Publishers are supposed to know this, and Apple did send out a notice, but how many realize what it means?
Let’s say you subscribe to a handful of digital magazines. They are relatively inexpensive, and the payments are all lumped into your iTunes account, so you don’t really notice that you might not actually read those titles every month.
Now let’s say Apple sends you a notice that a) your subscription is about to end; and b) the price is going to go up, not because the publisher is raising prices, but because Apple has changed their tier pricing policies.
“What occurs is that Apple changes the tier prices on subscriptions. Apple will not cancel existing auto-renewable subscriptions, but will let subscribers know via email that the price they pay will be changing. This causes some, of course, to opt out,” explains D. B. Hebbard in Talking New Media.
“Publishers also can either leave things alone or make changes, basically lowering the price of their subscriptions,” Hebbard continues. “It is these adjustments to the pricing of their subscription that also breaks the deal with their customers. Customers get a notice of a price change, telling them that at the end of term they will need to repurchase their subscription.”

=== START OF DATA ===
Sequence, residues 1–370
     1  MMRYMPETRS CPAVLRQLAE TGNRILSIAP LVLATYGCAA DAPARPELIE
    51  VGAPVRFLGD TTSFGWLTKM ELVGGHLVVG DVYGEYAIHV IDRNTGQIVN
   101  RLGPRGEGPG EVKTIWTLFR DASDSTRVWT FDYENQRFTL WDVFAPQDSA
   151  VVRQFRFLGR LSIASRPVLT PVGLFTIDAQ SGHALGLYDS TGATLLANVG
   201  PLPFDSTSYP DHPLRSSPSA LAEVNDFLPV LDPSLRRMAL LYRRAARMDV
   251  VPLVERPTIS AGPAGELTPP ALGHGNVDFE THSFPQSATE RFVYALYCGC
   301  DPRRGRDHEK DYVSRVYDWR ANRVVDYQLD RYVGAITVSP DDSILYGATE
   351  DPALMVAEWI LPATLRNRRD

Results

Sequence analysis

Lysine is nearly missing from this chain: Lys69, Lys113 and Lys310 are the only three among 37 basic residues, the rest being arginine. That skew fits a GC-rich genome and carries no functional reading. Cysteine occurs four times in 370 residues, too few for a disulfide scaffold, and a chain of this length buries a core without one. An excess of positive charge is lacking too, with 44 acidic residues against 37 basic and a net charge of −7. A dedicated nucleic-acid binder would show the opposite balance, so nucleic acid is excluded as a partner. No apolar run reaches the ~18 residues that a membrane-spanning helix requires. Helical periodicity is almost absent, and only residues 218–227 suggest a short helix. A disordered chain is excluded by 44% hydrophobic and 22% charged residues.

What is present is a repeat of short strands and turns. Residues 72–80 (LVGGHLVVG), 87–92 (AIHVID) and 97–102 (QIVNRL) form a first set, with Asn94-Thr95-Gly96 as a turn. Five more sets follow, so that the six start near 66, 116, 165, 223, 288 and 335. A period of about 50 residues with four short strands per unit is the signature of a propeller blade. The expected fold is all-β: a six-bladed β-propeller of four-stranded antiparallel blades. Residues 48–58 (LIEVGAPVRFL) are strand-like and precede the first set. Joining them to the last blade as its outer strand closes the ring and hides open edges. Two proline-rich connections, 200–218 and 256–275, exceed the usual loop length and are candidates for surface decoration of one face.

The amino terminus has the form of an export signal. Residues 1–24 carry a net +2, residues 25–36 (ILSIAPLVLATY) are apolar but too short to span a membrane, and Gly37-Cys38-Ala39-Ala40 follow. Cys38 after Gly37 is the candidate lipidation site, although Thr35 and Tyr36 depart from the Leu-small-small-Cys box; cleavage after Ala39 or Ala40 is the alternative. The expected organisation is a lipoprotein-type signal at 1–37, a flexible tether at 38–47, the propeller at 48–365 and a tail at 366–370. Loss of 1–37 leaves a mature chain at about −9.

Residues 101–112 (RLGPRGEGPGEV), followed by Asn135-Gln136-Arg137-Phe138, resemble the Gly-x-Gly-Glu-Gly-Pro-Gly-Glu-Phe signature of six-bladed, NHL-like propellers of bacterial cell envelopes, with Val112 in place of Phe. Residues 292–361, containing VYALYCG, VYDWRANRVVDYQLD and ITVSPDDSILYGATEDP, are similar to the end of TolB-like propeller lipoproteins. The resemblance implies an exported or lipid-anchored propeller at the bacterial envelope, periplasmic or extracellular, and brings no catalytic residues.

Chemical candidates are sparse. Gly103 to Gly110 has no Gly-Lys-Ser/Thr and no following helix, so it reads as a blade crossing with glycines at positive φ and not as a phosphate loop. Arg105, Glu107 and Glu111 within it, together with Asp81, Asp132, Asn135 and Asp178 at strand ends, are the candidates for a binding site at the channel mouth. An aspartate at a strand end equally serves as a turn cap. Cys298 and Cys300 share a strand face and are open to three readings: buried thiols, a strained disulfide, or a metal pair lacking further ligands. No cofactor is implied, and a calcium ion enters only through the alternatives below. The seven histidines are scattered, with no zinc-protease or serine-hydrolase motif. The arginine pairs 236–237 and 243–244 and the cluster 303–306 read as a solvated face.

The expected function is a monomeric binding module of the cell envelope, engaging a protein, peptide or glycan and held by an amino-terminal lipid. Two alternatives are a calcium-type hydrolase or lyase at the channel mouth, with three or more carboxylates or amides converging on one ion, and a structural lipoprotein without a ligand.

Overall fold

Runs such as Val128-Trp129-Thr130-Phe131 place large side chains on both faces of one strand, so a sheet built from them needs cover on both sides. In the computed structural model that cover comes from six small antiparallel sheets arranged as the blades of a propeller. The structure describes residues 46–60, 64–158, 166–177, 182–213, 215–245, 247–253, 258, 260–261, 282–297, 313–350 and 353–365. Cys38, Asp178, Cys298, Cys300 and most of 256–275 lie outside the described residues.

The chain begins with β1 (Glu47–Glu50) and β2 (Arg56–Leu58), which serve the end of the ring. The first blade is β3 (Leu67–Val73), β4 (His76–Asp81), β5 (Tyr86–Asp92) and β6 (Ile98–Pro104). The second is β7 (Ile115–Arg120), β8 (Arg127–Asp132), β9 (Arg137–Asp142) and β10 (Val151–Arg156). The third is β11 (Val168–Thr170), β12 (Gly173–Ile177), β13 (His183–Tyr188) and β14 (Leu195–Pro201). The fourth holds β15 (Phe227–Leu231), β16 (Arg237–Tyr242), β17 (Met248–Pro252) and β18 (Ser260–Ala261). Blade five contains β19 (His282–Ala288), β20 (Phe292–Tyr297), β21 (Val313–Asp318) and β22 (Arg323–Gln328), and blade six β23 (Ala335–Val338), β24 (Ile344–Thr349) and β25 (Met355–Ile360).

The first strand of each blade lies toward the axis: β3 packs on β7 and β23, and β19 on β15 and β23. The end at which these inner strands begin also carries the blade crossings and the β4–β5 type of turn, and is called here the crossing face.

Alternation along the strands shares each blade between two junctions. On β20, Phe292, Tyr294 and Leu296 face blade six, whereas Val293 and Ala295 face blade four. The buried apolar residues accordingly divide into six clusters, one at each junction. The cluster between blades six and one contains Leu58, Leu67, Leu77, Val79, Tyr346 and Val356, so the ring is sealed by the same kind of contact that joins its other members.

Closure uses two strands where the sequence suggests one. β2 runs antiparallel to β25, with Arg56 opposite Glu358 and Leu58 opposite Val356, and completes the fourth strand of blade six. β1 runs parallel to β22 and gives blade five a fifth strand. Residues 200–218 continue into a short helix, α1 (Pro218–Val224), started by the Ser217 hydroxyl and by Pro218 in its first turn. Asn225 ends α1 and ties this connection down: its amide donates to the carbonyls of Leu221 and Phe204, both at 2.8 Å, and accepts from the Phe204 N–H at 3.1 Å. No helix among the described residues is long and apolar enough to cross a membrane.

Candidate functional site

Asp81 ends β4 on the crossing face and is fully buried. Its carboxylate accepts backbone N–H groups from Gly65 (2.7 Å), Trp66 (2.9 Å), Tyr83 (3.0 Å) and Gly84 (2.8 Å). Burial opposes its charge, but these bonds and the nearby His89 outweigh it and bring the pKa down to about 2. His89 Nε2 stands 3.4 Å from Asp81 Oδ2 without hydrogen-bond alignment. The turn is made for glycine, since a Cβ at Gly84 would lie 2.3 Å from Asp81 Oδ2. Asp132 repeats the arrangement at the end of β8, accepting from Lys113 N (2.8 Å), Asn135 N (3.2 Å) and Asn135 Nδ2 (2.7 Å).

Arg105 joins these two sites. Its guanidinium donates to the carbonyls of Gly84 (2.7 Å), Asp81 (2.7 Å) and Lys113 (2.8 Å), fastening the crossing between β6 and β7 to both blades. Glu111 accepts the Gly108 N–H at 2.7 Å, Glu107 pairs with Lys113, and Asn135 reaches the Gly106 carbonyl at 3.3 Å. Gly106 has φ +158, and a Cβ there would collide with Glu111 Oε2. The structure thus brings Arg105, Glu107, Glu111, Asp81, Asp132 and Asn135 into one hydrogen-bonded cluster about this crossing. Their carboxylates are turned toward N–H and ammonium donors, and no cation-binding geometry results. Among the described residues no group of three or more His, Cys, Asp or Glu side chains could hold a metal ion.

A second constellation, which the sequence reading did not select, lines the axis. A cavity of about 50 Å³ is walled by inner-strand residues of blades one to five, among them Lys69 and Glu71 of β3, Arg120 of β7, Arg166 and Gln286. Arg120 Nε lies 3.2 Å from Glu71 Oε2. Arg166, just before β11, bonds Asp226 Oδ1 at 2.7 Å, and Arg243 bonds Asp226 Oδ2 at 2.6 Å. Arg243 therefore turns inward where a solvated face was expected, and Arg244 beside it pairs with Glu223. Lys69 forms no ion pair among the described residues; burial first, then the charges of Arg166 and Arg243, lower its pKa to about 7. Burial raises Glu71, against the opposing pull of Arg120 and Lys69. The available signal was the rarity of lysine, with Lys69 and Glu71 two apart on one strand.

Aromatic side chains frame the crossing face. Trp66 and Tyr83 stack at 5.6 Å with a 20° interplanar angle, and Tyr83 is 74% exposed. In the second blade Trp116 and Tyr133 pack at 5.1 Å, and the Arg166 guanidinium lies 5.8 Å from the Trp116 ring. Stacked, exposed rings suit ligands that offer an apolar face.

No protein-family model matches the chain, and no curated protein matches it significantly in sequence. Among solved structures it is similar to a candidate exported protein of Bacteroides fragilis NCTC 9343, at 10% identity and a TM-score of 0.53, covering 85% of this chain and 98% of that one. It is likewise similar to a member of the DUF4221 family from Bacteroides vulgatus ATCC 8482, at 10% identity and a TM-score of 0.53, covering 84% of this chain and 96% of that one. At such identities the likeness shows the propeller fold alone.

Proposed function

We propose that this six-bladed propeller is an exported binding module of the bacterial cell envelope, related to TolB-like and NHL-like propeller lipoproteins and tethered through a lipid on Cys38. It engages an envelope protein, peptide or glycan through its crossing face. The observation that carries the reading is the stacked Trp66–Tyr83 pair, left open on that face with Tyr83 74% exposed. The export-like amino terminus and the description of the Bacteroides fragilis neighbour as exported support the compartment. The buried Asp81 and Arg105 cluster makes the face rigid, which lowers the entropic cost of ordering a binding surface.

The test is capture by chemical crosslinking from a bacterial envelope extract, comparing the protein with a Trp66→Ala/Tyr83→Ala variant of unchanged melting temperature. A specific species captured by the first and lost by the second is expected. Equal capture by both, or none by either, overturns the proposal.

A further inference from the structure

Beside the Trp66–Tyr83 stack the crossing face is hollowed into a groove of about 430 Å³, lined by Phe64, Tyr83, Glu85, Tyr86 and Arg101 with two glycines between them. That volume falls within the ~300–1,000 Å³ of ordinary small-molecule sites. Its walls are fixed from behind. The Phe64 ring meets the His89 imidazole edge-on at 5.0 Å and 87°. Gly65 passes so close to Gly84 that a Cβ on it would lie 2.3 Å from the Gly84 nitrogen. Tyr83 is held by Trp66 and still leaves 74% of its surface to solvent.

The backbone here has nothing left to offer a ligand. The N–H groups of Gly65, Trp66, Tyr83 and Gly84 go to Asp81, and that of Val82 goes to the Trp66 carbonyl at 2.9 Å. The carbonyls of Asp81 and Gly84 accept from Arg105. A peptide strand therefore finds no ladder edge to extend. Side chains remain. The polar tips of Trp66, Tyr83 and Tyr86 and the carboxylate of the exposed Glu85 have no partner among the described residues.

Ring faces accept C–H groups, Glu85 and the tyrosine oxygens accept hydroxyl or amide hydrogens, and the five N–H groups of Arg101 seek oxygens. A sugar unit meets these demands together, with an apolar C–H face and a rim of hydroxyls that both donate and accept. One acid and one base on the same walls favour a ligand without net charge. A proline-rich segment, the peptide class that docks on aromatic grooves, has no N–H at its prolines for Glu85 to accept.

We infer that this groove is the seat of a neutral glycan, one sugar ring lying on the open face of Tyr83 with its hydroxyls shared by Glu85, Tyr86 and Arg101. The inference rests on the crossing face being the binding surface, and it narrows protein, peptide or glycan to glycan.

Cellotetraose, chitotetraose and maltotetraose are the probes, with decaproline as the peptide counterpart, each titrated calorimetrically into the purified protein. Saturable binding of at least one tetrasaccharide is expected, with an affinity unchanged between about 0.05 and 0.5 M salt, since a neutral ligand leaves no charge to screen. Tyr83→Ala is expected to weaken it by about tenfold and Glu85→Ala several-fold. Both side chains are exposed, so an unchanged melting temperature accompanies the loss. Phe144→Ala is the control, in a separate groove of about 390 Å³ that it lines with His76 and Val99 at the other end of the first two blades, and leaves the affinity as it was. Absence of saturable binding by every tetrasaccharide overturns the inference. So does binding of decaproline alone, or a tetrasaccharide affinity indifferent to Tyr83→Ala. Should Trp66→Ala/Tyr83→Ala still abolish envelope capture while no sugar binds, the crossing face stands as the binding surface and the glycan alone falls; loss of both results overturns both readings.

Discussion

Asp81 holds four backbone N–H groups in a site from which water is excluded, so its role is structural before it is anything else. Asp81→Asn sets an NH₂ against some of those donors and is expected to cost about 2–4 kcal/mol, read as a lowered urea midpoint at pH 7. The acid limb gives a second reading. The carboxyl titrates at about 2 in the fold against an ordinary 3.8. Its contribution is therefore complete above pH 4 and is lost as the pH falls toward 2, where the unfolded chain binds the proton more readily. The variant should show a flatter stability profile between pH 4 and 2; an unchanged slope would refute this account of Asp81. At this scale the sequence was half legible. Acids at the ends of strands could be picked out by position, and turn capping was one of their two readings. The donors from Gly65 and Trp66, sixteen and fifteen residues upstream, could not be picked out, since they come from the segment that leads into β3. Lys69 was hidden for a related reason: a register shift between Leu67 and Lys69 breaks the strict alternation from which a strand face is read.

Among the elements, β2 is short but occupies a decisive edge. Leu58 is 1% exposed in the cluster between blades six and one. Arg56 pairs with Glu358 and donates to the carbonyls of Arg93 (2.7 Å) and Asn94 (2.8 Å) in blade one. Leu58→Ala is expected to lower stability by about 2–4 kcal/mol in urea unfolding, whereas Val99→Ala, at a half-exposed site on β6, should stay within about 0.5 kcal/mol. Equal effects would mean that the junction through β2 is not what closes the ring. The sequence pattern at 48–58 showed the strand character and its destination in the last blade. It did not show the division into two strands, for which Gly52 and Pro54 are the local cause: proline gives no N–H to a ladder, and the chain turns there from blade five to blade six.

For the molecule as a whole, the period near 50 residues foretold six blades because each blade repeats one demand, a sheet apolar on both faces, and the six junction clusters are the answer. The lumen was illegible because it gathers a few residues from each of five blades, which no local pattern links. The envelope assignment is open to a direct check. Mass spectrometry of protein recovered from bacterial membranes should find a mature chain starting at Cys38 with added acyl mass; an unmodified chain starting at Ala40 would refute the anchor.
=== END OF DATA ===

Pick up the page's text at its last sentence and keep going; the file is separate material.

For month-to-month subscriptions, the potential damage is even higher.
“There are plenty of things Apple does that publisher know kill sales, but the worst is the monthly notice that a subscriber receives that their subscription is nearing its end – it is the time they are reminded that they can cancel that monthly subscription,” Hebbard continues, noting that it’s hard enough to sell digital subscriptions without reminding your customer every few weeks that they can cancel with one click. Throw in a price increase to boot, and publishers have their hands full keeping those readers on board.
There are options, of course. Publishers can leave the Apple platform and publish their digital versions through channels that allow them to maintain control of all notifications, prices and distribution. There are challenges to doing this, but at the end of the day the publisher maintains more control. Is the trade-off worth it? We’ll have to see how this plays out.